Baltimore George W. Bush, facing a skeptical audience, told the NAACP on Monday he recognizes the Republican Party has not always been seen as friendly toward blacks. He promised to work to improve relations, saying, "Our nation is harmed when we let our differences divide us."
"Some in my party have avoided the NAACP and ... some in the NAACP have avoided my party," Bush said, pausing between the two statements, drawing laughter and applause. "Before we get to the future, we must acknowledge our past."
There was a disruption just before the Texas governor was introduced when several protesters shouting "Remember Gary Graham" held up signs picturing the Texas death row inmate who was executed last month.
The NAACP has called the execution a "gross travesty of justice," but Bush said after his speech that organization officials told him the protesters were "outsiders."
Bush's appearance before the NAACP national convention was the first for a GOP presidential candidate since his father spoke to the convention during his 1988 campaign. In 1996 Bob Dole caused a flap when he declined an invitation.
"I have been looking forward to this," Bush told audience members, many of whom stood and clapped as he took the podium. In a 20-minute speech before approximately 3,500, Bush said that "racism, despite all our progress, still exists."
"For my party, there's no escaping the reality that the party of Lincoln has not always carried the mantle of Lincoln," said Bush.
"I'm not castigating, I'm talking reality," Bush said. "That's my job, to say here's where we have fallen short and here's where we will improve."
Bush did not mention the controversy over the Confederate flag in South Carolina. During Monday's meeting, the NAACP criticized lawmakers who supported a compromise for moving the flag from the Capitol dome to a flagpole on Statehouse grounds.
Bush has said the issue should be left up to South Carolinians, but some blacks believed he should have spoken out against displaying the flag.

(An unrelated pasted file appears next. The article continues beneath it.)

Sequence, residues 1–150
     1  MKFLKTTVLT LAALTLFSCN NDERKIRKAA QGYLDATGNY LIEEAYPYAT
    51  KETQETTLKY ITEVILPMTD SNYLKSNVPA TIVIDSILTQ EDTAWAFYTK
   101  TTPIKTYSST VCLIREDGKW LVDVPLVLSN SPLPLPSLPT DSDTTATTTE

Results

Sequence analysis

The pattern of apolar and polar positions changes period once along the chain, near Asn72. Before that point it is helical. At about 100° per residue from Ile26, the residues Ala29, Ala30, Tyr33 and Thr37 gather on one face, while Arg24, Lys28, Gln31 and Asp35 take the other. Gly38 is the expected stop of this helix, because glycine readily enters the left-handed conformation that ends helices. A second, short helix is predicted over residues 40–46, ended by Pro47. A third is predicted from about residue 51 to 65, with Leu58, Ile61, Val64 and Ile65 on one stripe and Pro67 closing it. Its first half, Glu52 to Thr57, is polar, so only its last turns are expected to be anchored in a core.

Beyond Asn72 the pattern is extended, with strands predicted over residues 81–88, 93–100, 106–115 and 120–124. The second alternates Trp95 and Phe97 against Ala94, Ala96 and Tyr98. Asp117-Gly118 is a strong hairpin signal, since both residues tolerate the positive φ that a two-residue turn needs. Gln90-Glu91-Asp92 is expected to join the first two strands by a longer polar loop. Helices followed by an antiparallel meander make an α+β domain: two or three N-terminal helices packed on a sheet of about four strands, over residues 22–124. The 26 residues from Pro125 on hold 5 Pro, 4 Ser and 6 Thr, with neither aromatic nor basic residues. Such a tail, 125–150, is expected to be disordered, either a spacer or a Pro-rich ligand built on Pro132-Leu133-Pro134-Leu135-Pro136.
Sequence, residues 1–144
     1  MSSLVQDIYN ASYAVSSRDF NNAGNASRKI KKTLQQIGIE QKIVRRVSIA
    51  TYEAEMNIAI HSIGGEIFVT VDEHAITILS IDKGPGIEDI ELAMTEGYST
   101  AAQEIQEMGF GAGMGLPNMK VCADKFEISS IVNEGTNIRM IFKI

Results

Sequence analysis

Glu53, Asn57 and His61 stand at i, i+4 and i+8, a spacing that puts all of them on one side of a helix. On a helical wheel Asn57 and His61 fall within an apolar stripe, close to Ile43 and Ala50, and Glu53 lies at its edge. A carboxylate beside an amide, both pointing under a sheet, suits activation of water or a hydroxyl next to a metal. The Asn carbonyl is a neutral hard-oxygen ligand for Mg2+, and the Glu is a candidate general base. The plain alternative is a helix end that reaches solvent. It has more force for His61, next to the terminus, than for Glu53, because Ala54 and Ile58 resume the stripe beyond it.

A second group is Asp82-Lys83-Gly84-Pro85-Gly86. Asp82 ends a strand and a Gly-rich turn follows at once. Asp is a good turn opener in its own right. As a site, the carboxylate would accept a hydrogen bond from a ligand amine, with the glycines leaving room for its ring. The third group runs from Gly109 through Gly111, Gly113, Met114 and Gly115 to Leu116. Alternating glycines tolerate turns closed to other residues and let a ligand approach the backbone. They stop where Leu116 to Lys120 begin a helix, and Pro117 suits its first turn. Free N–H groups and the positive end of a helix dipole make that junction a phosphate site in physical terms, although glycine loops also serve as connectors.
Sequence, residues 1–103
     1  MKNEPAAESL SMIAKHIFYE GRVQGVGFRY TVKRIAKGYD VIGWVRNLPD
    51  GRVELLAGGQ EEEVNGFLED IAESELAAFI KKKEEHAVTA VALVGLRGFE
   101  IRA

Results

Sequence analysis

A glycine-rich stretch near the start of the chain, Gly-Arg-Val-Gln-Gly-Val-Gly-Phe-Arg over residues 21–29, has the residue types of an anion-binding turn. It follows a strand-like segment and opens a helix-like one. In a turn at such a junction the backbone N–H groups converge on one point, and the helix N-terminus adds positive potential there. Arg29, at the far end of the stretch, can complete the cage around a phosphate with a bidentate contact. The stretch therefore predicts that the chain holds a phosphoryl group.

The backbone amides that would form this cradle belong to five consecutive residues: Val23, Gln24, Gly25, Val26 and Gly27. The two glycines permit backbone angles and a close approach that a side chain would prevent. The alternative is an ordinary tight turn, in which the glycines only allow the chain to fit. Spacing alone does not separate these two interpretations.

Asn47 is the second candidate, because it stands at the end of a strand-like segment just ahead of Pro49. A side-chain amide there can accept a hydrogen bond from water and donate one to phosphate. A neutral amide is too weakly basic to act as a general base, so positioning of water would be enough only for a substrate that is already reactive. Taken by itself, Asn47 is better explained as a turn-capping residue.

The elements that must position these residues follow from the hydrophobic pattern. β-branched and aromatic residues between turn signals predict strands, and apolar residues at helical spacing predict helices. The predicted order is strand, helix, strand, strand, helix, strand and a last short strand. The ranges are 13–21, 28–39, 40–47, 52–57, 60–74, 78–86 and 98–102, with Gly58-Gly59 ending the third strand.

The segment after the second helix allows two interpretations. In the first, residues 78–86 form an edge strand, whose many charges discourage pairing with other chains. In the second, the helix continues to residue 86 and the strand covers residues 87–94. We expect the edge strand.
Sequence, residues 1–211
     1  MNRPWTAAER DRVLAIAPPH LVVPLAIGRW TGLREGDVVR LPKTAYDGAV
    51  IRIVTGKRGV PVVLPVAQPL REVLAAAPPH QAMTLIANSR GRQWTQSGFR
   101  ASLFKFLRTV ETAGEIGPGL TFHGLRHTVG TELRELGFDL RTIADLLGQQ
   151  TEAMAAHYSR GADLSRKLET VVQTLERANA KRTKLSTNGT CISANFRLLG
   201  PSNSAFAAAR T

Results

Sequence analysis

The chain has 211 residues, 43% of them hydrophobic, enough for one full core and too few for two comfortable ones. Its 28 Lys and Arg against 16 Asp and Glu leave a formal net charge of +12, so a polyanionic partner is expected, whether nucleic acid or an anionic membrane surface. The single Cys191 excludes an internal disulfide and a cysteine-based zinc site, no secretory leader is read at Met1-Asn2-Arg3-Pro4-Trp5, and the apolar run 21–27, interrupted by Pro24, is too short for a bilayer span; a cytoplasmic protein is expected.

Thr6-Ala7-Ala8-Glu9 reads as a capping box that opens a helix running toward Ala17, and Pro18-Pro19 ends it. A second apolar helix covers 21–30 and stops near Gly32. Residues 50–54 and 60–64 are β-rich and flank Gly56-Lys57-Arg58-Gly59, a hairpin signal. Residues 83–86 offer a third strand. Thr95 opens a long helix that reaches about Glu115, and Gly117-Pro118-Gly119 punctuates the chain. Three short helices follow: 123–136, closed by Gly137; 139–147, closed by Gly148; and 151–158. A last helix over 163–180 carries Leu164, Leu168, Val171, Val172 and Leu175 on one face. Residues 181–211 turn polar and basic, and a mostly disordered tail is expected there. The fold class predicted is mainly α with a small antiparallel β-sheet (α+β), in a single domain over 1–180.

Bush didn't announce any specific initiative to fight racism in America. Instead he outlined his education, health care and housing proposals and a plan to lift restrictions on religious organizations so they can play a bigger role in helping poor Americans.
"Government can spend money, but it cannot put hope in someone's heart or a sense of purpose in their lives," said Bush. "That is done ... by churches, synagogues, mosques and charities."
Bush said minority students in Texas are improving at "one of the fastest rates in the country. Black fourth-graders in Texas have better math skills than any other state."
He also spoke of a home ownership proposal -- which drew applause -- to let low-income families use a year's worth of federal subsidized rental payments to make a down payment.
"I'm not calling for government to step back from its responsibilities but to share them," he said.
With polls showing Bush trailing Democratic rival Al Gore among minority voters, he has been courting blacks and Hispanics over the past two weeks. He appeared before the Congress of Racial Equality, an organization of conservative blacks, and two Hispanic groups, the League of United Latin American Citizens and the National Council of La Raza.